What's The Difference Between Glencairn And Snifter Bourbon Glasses?

As with most subcultures, certain features of the bourbon community make almost no sense to an outsider but can be a source of heated debate for its members. Having a strong preference about the type of glass you drink your bourbon from makes about as much sense to casual drinkers as foodies having strong opinions about what type of plate their food arrives on. But trust us, it does actually matter.

To help illustrate why it's so important, let's look at two popular glasses in the bourbon world — the Glencairn and the snifter. As you can see, they're both made of glass and glass only. What matters is the shape. There are essentially three parts to a bourbon glass' design: the mouth, the body, and the stem. If you were to look straight at the glass; the mouth is the top, the body is the middle, and the stem is the bottom.

The shape of each part of the glass is going to affect how you hold it and how you drink it, both of which are going to impact the sensory experience of the drink. This is what makes bourbon glasses different from plates. Your plate doesn't change your food. At best, it's an aesthetic boost. Bourbon glasses, on the other hand, do change the drink's characteristics. The biggest impact is on smell, but taste is affected as well. Just remember to drink from whatever glass you enjoy, regardless of what others think.

Glory to Glencairn

The Glencairn is king in the world of whiskey, despite having only arrived on the scene in 2001. Inspired by the copita glass which is popular for sherry drinkers, the Glencairn was designed by the Scottish glassware company Glencairn Crystal. Its founder, Raymond Davidson, opened the crystal studio in 1981 and designed what would eventually become the Glencairn that very same year. The prototype stood dusty on the shelf for 19 years before Davidson's son noticed it one day and encouraged him to continue developing the design with the help of several master distillers from around the country.

Davidson initially designed the Glencairn in the hopes of creating a glass uniquely for whiskey, as it was still borrowing glasses designed for other spirits at the time. Little did he know how successful he would become at the task. Millions of Glencairns are sold around the world every year and, although competitors are vying for its throne, it will likely continue to be the whiskey glass of choice for bourbon connoisseurs for many years to come.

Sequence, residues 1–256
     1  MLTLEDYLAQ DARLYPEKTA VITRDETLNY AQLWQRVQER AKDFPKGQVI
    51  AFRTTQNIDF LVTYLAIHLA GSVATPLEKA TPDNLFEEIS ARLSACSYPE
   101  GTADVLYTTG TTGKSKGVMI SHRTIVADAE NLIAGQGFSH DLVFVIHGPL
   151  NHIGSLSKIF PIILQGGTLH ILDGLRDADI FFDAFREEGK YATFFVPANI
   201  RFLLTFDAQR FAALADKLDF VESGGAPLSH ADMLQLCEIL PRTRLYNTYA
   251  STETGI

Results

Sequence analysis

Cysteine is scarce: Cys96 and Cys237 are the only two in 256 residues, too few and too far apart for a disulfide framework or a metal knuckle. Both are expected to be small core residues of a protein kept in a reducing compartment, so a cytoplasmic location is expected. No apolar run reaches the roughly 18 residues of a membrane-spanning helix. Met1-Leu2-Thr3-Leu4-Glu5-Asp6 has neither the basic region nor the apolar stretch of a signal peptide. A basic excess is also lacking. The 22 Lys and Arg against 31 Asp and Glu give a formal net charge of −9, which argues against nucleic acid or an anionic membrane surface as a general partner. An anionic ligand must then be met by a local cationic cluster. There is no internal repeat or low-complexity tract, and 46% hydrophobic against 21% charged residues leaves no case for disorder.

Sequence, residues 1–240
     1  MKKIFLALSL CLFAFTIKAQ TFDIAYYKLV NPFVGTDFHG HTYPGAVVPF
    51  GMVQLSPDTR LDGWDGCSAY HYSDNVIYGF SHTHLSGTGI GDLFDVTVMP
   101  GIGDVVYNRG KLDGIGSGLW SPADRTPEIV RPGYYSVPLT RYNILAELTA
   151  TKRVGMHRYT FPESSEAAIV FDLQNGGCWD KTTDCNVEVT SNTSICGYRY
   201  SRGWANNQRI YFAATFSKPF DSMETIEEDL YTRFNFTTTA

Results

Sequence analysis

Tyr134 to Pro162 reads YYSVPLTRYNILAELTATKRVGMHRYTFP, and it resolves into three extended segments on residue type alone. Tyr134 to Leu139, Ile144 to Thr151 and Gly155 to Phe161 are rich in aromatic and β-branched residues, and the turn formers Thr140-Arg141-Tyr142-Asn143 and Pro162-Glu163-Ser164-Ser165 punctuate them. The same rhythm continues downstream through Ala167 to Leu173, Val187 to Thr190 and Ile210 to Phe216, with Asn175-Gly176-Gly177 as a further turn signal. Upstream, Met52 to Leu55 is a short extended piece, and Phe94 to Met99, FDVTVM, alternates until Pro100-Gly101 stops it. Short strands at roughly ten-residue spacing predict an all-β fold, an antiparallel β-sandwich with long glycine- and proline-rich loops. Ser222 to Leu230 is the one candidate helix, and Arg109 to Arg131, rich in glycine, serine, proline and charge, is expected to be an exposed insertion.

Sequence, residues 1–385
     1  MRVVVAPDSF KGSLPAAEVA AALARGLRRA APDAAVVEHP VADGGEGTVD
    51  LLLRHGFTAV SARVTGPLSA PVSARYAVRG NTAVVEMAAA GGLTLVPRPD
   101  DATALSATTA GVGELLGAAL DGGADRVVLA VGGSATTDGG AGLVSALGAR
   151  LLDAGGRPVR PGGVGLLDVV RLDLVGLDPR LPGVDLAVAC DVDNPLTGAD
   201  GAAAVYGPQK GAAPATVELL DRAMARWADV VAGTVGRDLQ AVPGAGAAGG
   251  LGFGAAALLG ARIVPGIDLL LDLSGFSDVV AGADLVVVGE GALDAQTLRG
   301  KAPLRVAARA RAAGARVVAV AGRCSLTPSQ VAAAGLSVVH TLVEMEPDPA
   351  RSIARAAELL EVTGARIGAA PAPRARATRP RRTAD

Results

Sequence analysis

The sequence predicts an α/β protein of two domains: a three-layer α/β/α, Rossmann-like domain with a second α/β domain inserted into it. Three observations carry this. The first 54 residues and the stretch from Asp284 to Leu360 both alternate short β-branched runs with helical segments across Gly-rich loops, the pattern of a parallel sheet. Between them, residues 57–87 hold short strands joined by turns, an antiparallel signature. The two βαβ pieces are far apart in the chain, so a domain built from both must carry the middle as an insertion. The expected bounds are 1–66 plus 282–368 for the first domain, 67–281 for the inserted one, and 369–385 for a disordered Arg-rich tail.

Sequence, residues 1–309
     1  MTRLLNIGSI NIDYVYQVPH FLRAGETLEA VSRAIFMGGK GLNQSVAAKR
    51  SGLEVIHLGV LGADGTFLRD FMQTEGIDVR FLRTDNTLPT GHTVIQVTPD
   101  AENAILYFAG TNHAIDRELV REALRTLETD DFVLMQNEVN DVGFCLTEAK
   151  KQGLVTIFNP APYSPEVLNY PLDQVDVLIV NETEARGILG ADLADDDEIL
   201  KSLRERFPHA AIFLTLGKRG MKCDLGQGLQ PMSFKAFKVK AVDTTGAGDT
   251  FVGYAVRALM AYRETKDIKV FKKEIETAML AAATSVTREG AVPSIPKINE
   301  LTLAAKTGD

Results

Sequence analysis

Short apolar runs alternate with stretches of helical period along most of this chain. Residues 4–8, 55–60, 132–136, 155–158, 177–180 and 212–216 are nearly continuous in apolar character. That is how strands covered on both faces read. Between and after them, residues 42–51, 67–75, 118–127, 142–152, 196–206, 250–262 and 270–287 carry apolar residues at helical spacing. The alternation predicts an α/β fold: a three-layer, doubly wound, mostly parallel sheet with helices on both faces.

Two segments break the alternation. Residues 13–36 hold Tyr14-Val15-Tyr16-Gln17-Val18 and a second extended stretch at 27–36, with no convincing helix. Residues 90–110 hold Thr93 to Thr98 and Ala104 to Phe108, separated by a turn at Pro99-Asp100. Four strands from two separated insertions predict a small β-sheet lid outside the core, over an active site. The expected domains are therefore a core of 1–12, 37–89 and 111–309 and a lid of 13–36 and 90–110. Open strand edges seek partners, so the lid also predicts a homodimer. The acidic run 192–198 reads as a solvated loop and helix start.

Snifters are sophisticated

Well-deserved or not, snifters have garnered a rather unfortunate reputation for being the glass of choice for the pompous and out of touch. They go by many names: balloon glasses, brandy snifters, and cognac glasses. Its exact origins are something of a mystery but we know that it was in use by the 19th century, possibly as an innovation that came out of the discovery of leaded glass though we can trace its ancestral heritage back to Roman times.

As you may have noticed from its other aliases, snifters are most commonly associated with brandy, but they have been used as a bourbon glass for years by many whiskey lovers. The most common criticism the snifter's detractors have is that the whiskey is warmed by the hand as you hold the glass. A warm whiskey evaporates more alcohol, which in turn changes the nose into something harsh and unpleasant. Some go so far as to say that this is the purpose of the glass, turning the snifter glass into something closer to an alcohol pipe. Instead of digesting the alcohol through your stomach, you inhale it into your lungs. While there are people who prefer to smoke alcohol, thankfully it's not very common and it's a strange claim to make that everyone who enjoys a snifter glass is secretly choosing it because they prefer to inhale their drink.

Starting from the bottom